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World's biggest radio telescope to beat Hubble space telescope
A new way of imaging the extraterrestrial sky is on its way.
Square Kilometre Array (SKA), the world's largest radio telescope, is just a few steps away from completion. The telescope has been built in the West Australian desert and a team of scientists is giving it the final touches.
The ambitious project is being led by the Commonwealth Scientific and Industrial Research Organisation (CSIRO). The SKA will comprise of more than 132,000 low-frequency antennas in Australia and hundreds of dishes in South Africa. This makes for a total area of 1 square kilometer, reports CNET. The whole setup might draw resemblance to a Christmas tree, said CSIRO.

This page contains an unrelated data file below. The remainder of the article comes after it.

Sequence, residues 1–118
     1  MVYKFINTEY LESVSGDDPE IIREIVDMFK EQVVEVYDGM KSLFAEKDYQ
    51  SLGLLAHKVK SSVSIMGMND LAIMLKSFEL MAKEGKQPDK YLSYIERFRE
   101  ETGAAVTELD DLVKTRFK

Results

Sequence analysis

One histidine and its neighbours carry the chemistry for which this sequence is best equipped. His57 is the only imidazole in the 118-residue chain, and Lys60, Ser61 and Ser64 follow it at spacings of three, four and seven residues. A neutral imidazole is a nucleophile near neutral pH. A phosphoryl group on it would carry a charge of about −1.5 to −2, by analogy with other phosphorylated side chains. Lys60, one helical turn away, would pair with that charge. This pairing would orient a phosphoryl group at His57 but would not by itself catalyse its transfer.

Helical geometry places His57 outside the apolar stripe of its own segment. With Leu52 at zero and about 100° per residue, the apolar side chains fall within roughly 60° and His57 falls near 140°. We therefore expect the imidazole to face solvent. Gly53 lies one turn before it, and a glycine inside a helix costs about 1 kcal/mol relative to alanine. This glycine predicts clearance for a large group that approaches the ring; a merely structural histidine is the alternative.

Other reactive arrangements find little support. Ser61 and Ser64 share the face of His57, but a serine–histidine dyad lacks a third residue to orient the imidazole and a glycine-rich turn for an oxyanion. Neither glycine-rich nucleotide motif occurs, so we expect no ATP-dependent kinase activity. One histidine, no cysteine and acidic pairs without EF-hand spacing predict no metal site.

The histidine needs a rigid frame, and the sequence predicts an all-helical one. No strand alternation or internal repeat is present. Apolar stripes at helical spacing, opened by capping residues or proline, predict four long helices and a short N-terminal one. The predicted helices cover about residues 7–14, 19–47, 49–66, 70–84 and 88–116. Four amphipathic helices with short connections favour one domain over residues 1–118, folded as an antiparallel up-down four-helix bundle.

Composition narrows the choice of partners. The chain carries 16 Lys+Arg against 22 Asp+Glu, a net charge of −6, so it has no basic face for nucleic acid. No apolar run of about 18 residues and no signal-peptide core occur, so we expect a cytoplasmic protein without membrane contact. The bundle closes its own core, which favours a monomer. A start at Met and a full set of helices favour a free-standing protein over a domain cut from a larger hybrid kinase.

With SKA, the data exchange will happen in petabits per second which means the enhanced infrastructures will also have to control the level of radio emissions. It will feature up to 65,000 fiber optic cables that will allow for data transfer from antennas to telescope's supercomputing setup. The construction of the telescope is said to begin in 2020.
After completion, the SKA will be capable of capturing the extraterrestrial objects surpassing the Hubble telescope. This will allow scientists to learn about the formation of stars and galaxies after the Big Bang. Besides, the telescope will also be helpful in exploring dark energy and magnetic fields.
Besides, NASA is also working on a new telescope that will map out space in extreme detail. In the process, the telescope will examine millions of galaxies - some of which are so far that it takes their light around 10 billion years to reach our planet.